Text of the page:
Apparently I have upset the appliance gods. Right before the holidays, the dryer stopped drying anything. And then right after the holidays, the refrigerator started freezing everything.
December turned into one costly month budget-wise. And what about Earth-wise? You’d think that fixing something old would be automatically better than buying something new. But, actually, when it comes to the life cycle analysis of most appliances — or their cradle-to-grave environmental impact — it turns out it’s the use of an appliance that has the biggest impact. Which means if your refrigerator is a shade of ‘70s avocado, you’ll step lighter on the planet if you embrace the energy efficiency of the 21st Century.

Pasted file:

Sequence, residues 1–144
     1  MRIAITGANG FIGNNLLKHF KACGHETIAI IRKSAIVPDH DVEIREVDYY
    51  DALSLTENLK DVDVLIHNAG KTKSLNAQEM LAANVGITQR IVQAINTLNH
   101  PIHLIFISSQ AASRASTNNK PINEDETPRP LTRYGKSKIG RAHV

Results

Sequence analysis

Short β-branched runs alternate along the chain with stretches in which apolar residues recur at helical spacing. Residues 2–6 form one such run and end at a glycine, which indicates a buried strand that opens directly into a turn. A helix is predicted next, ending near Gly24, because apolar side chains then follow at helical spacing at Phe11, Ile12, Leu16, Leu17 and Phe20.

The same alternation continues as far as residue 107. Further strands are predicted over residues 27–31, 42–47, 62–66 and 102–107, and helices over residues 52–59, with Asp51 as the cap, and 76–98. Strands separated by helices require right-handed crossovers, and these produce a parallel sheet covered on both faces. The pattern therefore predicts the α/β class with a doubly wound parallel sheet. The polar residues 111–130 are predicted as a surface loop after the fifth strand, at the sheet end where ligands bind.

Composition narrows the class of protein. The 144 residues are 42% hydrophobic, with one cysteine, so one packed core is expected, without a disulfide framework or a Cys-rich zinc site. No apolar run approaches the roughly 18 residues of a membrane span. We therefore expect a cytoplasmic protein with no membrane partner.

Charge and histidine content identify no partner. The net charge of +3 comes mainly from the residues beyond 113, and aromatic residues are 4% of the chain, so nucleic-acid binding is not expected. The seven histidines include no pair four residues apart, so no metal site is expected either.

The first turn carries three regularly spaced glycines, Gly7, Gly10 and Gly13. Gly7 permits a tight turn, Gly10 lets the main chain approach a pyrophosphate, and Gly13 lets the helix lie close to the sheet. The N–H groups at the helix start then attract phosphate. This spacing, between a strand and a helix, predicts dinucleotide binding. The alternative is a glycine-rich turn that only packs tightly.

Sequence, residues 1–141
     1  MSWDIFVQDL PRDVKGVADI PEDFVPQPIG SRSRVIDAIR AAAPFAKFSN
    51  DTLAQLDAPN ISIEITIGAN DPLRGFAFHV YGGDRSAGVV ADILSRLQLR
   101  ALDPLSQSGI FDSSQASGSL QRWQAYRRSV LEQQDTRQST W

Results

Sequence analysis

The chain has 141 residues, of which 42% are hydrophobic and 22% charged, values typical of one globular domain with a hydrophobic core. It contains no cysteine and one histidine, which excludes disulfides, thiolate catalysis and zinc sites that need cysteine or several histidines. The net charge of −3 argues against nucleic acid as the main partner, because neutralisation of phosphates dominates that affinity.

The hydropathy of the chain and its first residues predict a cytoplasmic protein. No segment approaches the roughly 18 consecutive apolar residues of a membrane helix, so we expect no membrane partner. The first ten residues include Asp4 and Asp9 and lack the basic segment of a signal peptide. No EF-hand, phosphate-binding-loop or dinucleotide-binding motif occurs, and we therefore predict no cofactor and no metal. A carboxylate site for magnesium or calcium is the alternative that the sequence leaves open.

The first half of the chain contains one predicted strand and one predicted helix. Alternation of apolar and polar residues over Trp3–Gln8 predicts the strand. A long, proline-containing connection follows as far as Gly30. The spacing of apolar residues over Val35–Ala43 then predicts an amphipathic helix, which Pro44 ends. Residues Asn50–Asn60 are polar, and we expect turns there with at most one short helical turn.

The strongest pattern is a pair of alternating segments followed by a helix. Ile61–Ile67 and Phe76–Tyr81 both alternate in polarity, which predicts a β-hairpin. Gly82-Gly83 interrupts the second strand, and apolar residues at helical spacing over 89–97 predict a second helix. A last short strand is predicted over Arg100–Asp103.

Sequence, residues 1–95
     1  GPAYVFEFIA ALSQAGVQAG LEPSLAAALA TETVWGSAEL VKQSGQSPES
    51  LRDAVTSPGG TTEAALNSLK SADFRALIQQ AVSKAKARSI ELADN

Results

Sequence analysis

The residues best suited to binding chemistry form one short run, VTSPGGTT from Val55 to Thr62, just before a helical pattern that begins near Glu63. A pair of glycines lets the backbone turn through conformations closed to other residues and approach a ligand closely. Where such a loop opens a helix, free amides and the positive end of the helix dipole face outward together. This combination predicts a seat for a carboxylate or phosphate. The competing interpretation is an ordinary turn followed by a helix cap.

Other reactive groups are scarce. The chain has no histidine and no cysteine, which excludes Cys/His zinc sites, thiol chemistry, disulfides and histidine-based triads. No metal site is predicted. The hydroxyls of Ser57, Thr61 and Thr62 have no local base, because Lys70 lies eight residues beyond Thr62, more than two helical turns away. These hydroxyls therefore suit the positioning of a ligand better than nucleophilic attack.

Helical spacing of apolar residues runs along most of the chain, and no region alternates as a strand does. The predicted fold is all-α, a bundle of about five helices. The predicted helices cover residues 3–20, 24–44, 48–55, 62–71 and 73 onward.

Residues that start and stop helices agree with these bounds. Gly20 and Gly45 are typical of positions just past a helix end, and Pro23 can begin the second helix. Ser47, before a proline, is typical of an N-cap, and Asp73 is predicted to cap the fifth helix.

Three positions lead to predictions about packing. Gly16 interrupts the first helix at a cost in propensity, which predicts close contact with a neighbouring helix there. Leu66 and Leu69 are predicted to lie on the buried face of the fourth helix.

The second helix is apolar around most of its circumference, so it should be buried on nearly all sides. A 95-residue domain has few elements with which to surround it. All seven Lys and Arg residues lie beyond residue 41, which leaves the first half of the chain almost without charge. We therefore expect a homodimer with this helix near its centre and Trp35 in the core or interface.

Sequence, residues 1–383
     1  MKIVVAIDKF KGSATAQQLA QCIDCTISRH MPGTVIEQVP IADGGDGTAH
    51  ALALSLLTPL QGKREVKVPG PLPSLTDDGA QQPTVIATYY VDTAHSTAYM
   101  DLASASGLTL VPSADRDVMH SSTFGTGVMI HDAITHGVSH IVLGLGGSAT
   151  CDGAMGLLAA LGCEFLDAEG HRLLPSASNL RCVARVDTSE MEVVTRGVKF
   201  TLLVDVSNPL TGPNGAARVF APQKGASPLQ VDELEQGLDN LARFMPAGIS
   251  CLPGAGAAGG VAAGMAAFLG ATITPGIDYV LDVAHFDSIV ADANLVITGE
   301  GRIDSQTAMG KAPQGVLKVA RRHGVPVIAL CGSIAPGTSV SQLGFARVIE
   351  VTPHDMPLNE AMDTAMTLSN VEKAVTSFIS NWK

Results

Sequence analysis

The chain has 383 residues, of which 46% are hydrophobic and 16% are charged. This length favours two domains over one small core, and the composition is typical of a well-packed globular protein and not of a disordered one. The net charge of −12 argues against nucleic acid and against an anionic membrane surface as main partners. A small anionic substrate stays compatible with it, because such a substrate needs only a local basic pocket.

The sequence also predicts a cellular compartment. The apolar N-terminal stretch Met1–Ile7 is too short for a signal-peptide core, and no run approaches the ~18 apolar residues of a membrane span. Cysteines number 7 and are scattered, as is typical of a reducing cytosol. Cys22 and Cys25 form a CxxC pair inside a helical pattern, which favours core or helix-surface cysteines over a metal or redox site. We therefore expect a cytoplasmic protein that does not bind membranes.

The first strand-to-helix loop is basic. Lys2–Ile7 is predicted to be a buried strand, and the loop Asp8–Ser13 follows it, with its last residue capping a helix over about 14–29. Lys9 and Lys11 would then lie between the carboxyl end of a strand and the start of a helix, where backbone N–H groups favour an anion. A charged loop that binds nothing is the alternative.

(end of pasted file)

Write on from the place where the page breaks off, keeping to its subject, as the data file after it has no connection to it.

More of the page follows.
While there are a lot of variables to consider, here are some tips to help you decide whether to repair a broken appliance or replace it:
By now we all know that hucking your old stuff into the landfill and buying shiny new “green” stuff is not the way to solve any of the planet’s perils. With clothes dryers this is especially true because the technology in new machines hasn’t improved enough for substantial energy savings. Even the EPA seems to have thrown up its hands by not including clothes dryers in its Energy Star program that certifies energy-saving products. After the refrigerator, which is on all the time, clothes dryers are the second biggest energy drain among household appliances.